Sad News

Unfortunately, my wife’s father, Barry, passed away last Friday.  He had suffered from a number of health problems for a long time, so his death was not unexpected, but of course, this did not make it any less sad.  Barry was a great guy, who, although very quiet, was friendly, polite, and had a great sense of humor.  He was a tremendously skilled athlete and businessman, and a loving father and husband.  I miss him already, and I know that everyone else who knew him feels the same way.

According to Jewish tradition, (my wife and I are both Jewish), the funeral was held within several days of his death, so we left for Philadelphia on Saturday morning, and the funeral was on Sunday.  We returned to Boston yesterday.  It’s been a pretty hectic few days.

Of course, during time like this, my number one priority is to help my wife cope with her loss, which means that school & internship were put on the back burner for a little while.  Once again, my professors and supervisors were understanding about my needs.  My primary supervisor was even kind enough to cancel my appointments for me.

However, now I am back in town, and today is my first day back at Joseph M. Smith Community Health Center, so it’s time for me to get my act together.  I just finished calling eight patients to reschedule the appointments that I missed.  I have about a million emails to respond to as well.

In times like this, questions come up around self-disclosure in therapy.  It is unusual for me to cancel appointments at the last minute, and I imagine my clients may wonder why I had to do so.  What should I tell them?  Is it appropriate to tell my clients that there was a death in my family?  If not, should I make up a different explanation?  Should I try to sidestep the question?

These are, of course, rhetorical questions.  Self-disclosure in therapy is a hot issue, and there are many viewpoints on the subject.  Some would say that if I tell my patients the truth, it would help to foster a sense of empathy.  Others would argue that doing so would inappropriately shift the focus of therapy from the client to the therapist.

What do you think?  As always, comments are welcome.

About sskeenmspp

Hey everyone, my name is Sam Skeen. I’m currently a third year PsyD student. I’m primarily interested in individual therapy with adults and adolescents and assessment with people of all ages. This year, I’m doing my field placement work at Joseph M. Smith Community Health Center, where I am learning to conduct therapy in Spanish. I also have a part time job at MSPP’s Academic Resource Center, where I help other MSPP students complete challenging academic tasks. In my spare time, I like to exercise, cook, mess with my cat (an activity that once screened me as a potential sociopath on a personality test), update my fantasy hockey lineup obsessively, and of course, satiate my Words with Friends addiction.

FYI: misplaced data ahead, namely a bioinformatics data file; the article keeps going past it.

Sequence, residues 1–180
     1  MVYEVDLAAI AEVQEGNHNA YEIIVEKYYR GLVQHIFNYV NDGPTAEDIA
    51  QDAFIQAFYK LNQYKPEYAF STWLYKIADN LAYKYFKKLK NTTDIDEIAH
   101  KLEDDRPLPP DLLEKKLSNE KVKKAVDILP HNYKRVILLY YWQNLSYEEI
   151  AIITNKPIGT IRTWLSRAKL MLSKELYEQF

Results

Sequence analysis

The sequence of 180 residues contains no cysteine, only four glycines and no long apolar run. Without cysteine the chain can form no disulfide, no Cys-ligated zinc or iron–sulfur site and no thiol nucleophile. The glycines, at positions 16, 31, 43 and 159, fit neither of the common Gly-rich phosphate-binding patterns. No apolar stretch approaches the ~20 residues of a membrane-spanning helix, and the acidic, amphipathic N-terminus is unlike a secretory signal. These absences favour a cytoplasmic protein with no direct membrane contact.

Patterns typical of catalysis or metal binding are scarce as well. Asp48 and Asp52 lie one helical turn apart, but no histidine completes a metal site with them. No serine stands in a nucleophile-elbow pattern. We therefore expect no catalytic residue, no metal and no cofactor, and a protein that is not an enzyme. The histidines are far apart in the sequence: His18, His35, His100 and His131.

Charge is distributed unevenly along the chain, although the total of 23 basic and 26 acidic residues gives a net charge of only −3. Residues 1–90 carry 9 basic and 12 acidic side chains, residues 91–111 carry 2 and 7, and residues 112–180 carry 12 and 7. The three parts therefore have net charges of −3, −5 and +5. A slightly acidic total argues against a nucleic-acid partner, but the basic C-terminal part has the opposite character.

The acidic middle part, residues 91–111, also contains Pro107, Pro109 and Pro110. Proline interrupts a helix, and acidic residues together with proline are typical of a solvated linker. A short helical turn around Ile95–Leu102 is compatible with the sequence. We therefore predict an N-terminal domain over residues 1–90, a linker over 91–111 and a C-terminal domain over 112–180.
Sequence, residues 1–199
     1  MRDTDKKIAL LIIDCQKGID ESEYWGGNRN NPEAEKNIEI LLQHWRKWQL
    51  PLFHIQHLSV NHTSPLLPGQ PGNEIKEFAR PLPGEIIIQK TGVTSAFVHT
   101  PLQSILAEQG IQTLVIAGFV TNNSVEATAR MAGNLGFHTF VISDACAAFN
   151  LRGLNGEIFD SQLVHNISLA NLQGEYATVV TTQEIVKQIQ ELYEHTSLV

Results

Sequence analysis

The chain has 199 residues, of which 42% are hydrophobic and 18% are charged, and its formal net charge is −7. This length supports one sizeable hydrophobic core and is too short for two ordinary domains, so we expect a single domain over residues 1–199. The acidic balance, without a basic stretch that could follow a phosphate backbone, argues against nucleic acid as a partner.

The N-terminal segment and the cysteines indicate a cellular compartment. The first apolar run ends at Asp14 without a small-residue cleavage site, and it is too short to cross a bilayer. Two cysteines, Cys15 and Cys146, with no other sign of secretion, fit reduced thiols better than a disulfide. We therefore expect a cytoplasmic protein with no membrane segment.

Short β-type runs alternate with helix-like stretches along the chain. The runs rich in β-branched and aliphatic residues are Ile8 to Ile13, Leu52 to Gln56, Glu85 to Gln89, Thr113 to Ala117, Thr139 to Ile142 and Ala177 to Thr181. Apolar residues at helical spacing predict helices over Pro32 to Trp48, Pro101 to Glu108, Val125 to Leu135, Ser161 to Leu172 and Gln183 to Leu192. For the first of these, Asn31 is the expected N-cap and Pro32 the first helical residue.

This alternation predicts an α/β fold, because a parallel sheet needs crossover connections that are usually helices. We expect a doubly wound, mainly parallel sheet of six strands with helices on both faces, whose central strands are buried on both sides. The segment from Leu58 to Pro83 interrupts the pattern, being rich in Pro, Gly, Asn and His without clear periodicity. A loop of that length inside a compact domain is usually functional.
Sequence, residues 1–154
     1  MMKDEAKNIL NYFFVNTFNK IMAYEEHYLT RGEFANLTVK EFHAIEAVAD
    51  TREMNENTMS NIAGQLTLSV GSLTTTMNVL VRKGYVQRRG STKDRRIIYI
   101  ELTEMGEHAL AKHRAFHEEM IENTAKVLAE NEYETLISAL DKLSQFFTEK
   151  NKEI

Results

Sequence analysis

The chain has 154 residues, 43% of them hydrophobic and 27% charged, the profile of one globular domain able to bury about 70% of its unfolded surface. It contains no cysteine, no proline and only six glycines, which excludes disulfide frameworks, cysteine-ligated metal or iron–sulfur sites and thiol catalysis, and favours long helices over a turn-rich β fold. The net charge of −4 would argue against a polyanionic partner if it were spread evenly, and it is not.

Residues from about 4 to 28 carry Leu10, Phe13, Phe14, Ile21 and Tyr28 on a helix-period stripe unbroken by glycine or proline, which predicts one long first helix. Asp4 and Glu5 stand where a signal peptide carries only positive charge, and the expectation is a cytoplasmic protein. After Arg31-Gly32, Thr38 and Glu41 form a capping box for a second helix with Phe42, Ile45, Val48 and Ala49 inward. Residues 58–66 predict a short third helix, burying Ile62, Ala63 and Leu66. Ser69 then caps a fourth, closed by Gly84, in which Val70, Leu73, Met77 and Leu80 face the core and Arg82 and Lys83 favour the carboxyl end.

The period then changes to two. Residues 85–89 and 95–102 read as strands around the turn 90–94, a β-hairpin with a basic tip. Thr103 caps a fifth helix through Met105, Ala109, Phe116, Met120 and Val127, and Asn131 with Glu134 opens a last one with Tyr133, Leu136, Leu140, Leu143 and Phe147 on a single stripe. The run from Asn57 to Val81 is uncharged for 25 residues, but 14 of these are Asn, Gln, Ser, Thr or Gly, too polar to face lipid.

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5 Responses to Sad News

  1. jgarciamspp says:

    Sam,

    You are most welcome. I hope it all works out for you. Chances are, if you have to tell a client you will deal with it the best way you can in that moment. If, for some reason, you feel later that it you didn’t make the best choice you can take the time to correct it.

    -J

  2. sskeenmspp says:

    Great advice, thanks. So far, it actually hasn’t come up at all. No one has asked for an explanation, and I’d prefer not to bring it up out of the blue.

    Thank you all for sending your support/condolences :)

  3. jgarciamspp says:

    Sam,

    The best advice I can give is that you should always ask yourself the same question anytime you are trying to disclose something to a client: Is it for their benefit or yours?

    That being said, if you apologize in your next appointment with a client for having to previously cancel you don’t necessarily need to give them an explanation. If they ask, your disclosure is up to you. You can say that there was a death in the family. However, if a client would benefit from knowing this information or it will help build trust/rapport then maybe letting them know the truth could be beneficial.

    No matter what you choose to do, I send my condolences. I am sorry for your loss and I am definitely sending you and your family ultra-soothing vibes. :-)

    -J

  4. Alex PR says:

    I extends condolences over what happened to your family.

    Yes, it is in life. Humans are not always in the way of truth. But to apologize for client dissatisfaction, it is a wonderful thing. good luck

  5. Egie Shandie says:

    I am sorry about the sad plight of your family.
    Explain what actually happens, maybe people will understand the promises that you do not keep. Good luck and all the fine

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